Building the infrastructure to support collective inquiry:
Janna recounted the many ways in which she and her collaborators have worked to develop an infrastructure of resources (drawn from the university) to support the community collaboration. This can include organizing class credit for participants, securing transportation for community members, asking for support from certain faculty, securing meeting and retreat spaces, and raising funds to pay organizers and even electricity bills; the point being that it's crucial for the university partner to bring resources to the table. This helps counter the possibility of extractive research relationships, can help gain the trust of community members, and can help ensure that time and space is made so that people can participate. We have done this in many ways over the course of developing Mobile Voices, but we could have done more at the outset to map this out--i.e. to sit down and strategize all of the concrete resources we could harness and bring to the table from the beginning, and made explicit to our community partners. As Mobile Voices moves into a new phase, it might be appropriate to do this soon.
Emphasizing process over outcome
Emphasizing the process as the primary outcome of a collaboration, such as a participatory media or participatory research project, has been articulated in the literature on participatory media and communication for social change for decades, but is often difficult to maintain in practice due to donor, university or other institutional expectations of concrete "deliverables".
This depends to a great extent on the individuals involved, as well as the processes mentioned above. And time. One thing I continue to experience in Mobile Voices is the importance of face-to-face time, no matter how sophisticated our technologies become! Also key to building trust is the management of expectations and meeting commitments that are made.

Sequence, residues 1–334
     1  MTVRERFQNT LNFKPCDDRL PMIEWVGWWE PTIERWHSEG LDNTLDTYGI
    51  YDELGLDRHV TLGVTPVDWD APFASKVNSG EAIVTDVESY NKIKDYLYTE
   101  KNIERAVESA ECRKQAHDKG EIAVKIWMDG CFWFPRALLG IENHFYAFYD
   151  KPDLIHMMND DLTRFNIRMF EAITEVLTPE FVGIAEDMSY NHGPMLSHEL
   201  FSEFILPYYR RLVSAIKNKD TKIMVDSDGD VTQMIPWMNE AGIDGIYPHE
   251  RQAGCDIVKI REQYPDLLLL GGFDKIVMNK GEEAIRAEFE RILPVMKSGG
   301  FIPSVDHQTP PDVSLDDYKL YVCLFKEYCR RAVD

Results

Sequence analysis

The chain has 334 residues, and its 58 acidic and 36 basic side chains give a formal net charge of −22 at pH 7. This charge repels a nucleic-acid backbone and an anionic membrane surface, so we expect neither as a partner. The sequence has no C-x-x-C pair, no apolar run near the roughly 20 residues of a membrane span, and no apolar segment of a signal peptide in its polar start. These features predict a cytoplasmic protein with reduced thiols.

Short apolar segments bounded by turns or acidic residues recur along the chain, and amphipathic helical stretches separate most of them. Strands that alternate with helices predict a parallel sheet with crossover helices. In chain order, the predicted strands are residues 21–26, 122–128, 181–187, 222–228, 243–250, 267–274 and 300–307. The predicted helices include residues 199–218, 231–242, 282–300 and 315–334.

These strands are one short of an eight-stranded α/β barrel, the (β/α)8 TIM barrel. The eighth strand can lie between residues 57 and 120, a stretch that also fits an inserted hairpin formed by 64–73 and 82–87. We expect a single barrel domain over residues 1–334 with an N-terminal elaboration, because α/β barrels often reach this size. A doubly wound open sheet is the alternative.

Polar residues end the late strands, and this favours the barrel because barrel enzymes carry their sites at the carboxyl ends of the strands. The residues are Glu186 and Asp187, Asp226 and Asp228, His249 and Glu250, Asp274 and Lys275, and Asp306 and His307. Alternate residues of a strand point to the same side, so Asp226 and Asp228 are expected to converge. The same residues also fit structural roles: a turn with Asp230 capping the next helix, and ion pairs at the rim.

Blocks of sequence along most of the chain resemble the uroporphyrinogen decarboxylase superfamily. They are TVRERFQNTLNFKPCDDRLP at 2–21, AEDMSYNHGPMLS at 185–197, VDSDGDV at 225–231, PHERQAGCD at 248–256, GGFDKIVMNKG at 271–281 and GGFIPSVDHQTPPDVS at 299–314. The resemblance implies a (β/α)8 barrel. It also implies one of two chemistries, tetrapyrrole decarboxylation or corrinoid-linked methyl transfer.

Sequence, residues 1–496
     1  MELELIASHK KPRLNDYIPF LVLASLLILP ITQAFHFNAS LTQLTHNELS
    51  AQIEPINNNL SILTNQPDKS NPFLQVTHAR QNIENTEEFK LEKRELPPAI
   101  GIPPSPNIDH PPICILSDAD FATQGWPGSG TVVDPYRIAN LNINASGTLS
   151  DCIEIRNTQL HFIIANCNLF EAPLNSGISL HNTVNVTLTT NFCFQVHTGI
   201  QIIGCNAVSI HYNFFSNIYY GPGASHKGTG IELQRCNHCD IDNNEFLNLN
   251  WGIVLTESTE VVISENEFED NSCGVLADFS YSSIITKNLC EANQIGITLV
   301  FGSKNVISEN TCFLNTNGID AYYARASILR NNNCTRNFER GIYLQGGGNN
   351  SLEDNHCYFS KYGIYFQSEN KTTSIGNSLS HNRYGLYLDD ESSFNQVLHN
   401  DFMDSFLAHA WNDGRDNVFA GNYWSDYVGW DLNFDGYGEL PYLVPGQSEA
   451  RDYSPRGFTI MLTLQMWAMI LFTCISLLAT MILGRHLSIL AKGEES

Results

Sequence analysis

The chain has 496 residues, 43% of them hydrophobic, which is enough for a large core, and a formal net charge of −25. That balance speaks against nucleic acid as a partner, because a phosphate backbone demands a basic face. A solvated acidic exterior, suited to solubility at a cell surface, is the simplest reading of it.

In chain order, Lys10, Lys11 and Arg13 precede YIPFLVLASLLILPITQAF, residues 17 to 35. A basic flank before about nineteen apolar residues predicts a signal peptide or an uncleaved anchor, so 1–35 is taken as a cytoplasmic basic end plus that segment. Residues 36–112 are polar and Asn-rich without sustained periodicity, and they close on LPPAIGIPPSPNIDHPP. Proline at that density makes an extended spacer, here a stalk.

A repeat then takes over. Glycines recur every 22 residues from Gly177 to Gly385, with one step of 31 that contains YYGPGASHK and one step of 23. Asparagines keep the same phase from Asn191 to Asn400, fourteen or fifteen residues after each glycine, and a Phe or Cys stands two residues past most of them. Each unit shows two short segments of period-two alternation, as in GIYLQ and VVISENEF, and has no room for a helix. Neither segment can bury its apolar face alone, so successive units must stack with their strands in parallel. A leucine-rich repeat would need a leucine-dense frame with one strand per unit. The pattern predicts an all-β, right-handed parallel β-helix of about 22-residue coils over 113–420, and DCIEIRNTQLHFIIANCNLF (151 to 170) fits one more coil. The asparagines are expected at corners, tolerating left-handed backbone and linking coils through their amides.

Im quite sure that all of these learnings are readily and frequently available in the literature on academic-community partnerships, but each process is also unique and each learning curve distinct. One thing our conversation with Janna reaffirmed for me was the importance of reflecting on the specificities of our own process, which I only started to do here but which we have continued to do as a group over the course of this semester. A key outcome of this was a strategic planning process that included the drafting of some shared definitions of key concepts in our partnership. (See http://dev.vozmob.net/projects/vozmob/wiki/Stakeholder_Strategy_for_Univ...)
For me, this dialogue with Janna was an important step in my own sensitization to the complex dynamics involved in collective inquiry, participatory research, and community-academic partnerships. I would love to hear from others in our group, and others doing similar work elsewhere. We are continuing this work this week, with a group discussion of power dynamics within and around the project.